In France, as elsewhere in Europe, attitudes toward baths and bathing varied considerably in the fifteenth and sixteenth centuries. Baths were at once regarded as healthy and hygienic and as centers for merrymaking, drinking, and licentious behavior. While the public steam bath was at times condemned as a gathering place for prostitutes, a private bath in one’s home, as seen here, was a luxury reserved for the privileged and noble few. Contemporary paintings and prints depict both rectangular tubs lined with white cloth, similar to the one in this painting, and round tubs. The presence of draperies in several of these representations suggests that they may have been an integral part of the bath as devices to protect the bather from chilly drafts.
It should also be noted that a suite of rooms—three baths and three “rest” rooms and a vestibule, forming an “appartement des Bains”—was part of François I’s residence at Fontainebleau. Documents indicate that in addition to having stucco work and painted ceilings, the nonbathing rooms were decorated with paintings from the king’s collection. These baths were built in conscious emulation of antique baths, and this revived classicism may suggest a context for viewing the Gallery’s painting.
The influence of Titian (Venetian, 1488/1490 - 1576) has also been cited in regard to A Lady in Her Bath. The motif of the servant in the background performing a domestic chore is seen as deriving from such paintings as the Venus of Urbino (Florence, Galleria degli Uffizi), while the use of background draperies in this and other paintings by Clouet is thought to derive from Titian’s full-length portrait of Charles V (Madrid, Museo Nacional del Prado). A Lady in Her Bath also shows affinities to the highly polished surfaces and icy eroticism of An Allegory of Venus and Cupid (London, National Gallery) by Agnolo Bronzino (Florentine, 1503 - 1572), possibly the painting Giorgio Vasari (Florentine, 1511 - 1574) described as belonging to François I.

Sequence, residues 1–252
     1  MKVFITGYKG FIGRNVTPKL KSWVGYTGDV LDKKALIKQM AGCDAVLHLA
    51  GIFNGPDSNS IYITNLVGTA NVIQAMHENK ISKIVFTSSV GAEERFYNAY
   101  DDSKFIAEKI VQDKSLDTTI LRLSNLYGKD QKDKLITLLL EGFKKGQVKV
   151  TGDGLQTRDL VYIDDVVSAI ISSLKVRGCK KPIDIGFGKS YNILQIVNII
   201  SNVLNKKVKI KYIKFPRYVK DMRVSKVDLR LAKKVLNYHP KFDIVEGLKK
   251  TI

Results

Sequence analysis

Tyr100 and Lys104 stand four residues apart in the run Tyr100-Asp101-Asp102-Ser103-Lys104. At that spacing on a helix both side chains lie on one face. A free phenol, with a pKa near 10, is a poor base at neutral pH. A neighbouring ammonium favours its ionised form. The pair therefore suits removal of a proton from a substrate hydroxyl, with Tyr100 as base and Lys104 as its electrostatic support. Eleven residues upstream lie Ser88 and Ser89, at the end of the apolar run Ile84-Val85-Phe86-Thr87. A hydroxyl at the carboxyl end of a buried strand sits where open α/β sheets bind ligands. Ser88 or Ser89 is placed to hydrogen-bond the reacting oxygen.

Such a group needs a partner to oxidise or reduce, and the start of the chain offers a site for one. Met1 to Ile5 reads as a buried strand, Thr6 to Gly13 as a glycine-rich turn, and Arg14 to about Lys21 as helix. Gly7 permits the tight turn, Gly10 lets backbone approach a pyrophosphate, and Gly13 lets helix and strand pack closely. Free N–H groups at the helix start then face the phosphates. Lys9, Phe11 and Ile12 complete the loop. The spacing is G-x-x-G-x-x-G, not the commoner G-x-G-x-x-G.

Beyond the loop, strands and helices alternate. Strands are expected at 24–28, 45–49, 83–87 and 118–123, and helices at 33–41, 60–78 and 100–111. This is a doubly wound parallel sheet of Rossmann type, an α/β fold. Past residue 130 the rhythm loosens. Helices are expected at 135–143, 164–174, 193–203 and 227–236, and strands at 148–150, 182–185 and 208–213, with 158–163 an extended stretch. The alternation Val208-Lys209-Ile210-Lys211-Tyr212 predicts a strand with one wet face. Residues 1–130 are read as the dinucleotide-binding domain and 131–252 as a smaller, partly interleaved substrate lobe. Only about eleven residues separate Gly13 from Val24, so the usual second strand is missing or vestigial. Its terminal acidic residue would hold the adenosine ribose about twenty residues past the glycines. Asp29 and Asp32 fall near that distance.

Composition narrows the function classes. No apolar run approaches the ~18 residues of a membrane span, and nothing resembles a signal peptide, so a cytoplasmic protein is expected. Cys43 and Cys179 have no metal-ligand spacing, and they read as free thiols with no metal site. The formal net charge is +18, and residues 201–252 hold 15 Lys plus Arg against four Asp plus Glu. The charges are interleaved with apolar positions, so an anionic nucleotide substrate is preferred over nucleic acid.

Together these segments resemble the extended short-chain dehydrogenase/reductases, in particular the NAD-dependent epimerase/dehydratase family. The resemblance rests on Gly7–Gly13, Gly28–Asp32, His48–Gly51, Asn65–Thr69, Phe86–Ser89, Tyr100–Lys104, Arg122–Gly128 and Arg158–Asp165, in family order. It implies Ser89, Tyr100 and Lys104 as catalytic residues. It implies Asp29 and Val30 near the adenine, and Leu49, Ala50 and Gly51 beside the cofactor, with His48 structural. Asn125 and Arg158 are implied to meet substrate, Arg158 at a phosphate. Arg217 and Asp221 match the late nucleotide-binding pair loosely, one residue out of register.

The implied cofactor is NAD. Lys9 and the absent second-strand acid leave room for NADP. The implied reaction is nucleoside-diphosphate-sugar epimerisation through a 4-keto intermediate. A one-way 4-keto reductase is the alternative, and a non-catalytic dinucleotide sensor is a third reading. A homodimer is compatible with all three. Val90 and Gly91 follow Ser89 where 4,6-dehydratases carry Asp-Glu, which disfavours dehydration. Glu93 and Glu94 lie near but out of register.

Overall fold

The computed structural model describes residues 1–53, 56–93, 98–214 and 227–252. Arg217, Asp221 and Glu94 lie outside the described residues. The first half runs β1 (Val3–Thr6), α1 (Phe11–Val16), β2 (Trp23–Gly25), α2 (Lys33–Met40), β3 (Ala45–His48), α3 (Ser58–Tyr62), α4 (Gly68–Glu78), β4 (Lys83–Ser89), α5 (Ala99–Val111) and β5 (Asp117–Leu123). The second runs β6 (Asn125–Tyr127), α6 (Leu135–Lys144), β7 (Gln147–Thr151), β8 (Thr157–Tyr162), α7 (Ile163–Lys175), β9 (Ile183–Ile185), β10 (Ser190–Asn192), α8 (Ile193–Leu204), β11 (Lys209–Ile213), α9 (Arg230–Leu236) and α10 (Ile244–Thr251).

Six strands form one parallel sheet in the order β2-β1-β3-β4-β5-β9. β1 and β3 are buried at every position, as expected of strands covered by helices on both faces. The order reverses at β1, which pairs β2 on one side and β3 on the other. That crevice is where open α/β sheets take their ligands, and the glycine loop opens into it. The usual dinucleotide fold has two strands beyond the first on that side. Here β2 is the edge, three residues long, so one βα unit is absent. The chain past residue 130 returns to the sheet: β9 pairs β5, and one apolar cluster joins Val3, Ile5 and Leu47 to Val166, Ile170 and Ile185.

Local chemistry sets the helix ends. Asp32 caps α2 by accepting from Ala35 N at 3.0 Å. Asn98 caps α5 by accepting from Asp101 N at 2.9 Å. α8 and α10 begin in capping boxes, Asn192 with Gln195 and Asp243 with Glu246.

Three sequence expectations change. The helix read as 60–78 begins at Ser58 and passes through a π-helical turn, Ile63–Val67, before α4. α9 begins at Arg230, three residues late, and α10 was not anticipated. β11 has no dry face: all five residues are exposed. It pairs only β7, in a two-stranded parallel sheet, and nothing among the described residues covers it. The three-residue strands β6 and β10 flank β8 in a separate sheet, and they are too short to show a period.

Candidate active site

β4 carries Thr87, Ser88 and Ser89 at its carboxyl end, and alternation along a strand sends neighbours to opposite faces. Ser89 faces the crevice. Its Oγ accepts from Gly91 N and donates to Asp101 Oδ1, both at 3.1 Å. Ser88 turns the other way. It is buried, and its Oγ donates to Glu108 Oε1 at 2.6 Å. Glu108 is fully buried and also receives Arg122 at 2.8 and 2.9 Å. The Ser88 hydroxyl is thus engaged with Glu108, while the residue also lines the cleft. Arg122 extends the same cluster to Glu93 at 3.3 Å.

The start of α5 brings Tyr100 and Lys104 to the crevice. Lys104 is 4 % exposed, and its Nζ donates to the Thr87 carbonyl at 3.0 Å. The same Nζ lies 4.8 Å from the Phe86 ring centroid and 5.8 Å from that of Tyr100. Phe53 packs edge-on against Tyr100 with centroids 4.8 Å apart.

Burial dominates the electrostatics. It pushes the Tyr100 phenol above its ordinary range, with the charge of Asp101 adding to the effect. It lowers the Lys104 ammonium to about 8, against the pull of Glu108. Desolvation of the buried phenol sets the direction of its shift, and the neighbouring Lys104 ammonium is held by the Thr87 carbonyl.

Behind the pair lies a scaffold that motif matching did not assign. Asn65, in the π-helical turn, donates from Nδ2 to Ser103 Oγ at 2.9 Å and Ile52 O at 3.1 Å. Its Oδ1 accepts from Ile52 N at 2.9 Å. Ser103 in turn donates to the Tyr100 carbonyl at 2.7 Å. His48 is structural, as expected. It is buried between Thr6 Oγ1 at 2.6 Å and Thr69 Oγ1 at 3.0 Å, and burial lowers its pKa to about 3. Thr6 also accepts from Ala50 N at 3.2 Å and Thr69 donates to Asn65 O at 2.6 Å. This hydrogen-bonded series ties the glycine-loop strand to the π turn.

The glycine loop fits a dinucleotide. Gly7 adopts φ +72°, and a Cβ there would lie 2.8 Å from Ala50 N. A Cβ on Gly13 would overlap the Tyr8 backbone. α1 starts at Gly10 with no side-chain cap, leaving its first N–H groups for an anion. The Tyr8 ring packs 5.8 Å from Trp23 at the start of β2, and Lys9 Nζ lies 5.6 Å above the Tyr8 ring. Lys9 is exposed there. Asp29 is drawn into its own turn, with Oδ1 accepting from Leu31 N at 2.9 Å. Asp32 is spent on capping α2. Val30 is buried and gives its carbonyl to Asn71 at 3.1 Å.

Italian mannerist style and iconography were an essential part of the French court in the persons of Rosso Fiorentino (Florentine, 1494 - 1540) and Francesco Primaticcio (Italian, 1504 - 1570), who were formative influences on the artists of the School of Fontainebleau. As a court artist, Clouet would have been familiar with the works produced by this group, and several paintings of A Lady at Her Toilet from the School of Fontainebleau have often been associated with A Lady in Her Bath. Paintings by anonymous artists in the museums of Dijon, Basel, and Worcester, Massachusetts, depict a woman facing right and wearing only jewelry and a transparent peignoir. She sits at a table bearing jewels, flowers, and a mirror supported by naked figures. In the background a servant kneels in front of an open chest. The content of these paintings, like that of the Gallery’s painting, is open to multiple interpretations centering on luxury, eroticism, and Venus.
The relationship of this set of images to A Lady in Her Bath is provocative but not wholly clear. Particularly intriguing is Charles Sterling’s belief that these paintings are replicas of a lost Clouet, painted around 1560, that was a pendant to A Lady in Her Bath. Although it may never be proved or disproved, this suggestion is appealing at first glance, especially given the compositional symmetry and related subject matter. There are, however, problems in reconciling the dates of the pictures. The paintings in Dijon, Basel, and Worcester are not dated, and while c. 1560 has been proposed, it is possible that some or all could be as late as c. 1585/1590. Moreover, to accept a date of c. 1560 for A Lady in Her Bath means finding it similar to the portrait of Pierre Quthe (Paris, Musée du Louvre) of 1562. Although it is hard to see the depictions of A Lady at Her Toilet as convincingly congruent with the Gallery’s picture, these paintings underscore the connections between the imagery of the School of Fontainebleau and that used by Clouet.
Several authors have observed the influence of sixteenth-century Netherlandish art in A Lady in Her Bath, calling attention to the robust, earthy nursemaid and the foreground still life. Joos van Cleve—who, as mentioned above, painted a version of Leonardo’s Monna Vanna while at court—is often cited, but Quentin Massys (Netherlandish, 1466 - 1530) and Marinus van Reymerswaele (c. 1490–1567) have also been mentioned as influences. Charles Cuttler compared the boy reaching for the fruit with the children and still-life elements present in Family Portrait (Kassel, Staatliche Kunstsammlungen) by Maerten van Heemskerck (Netherlandish, 1498 - 1574) and the background of the painting with the interiors of Pieter Aertsen’s (1507/1508–1575) pictures.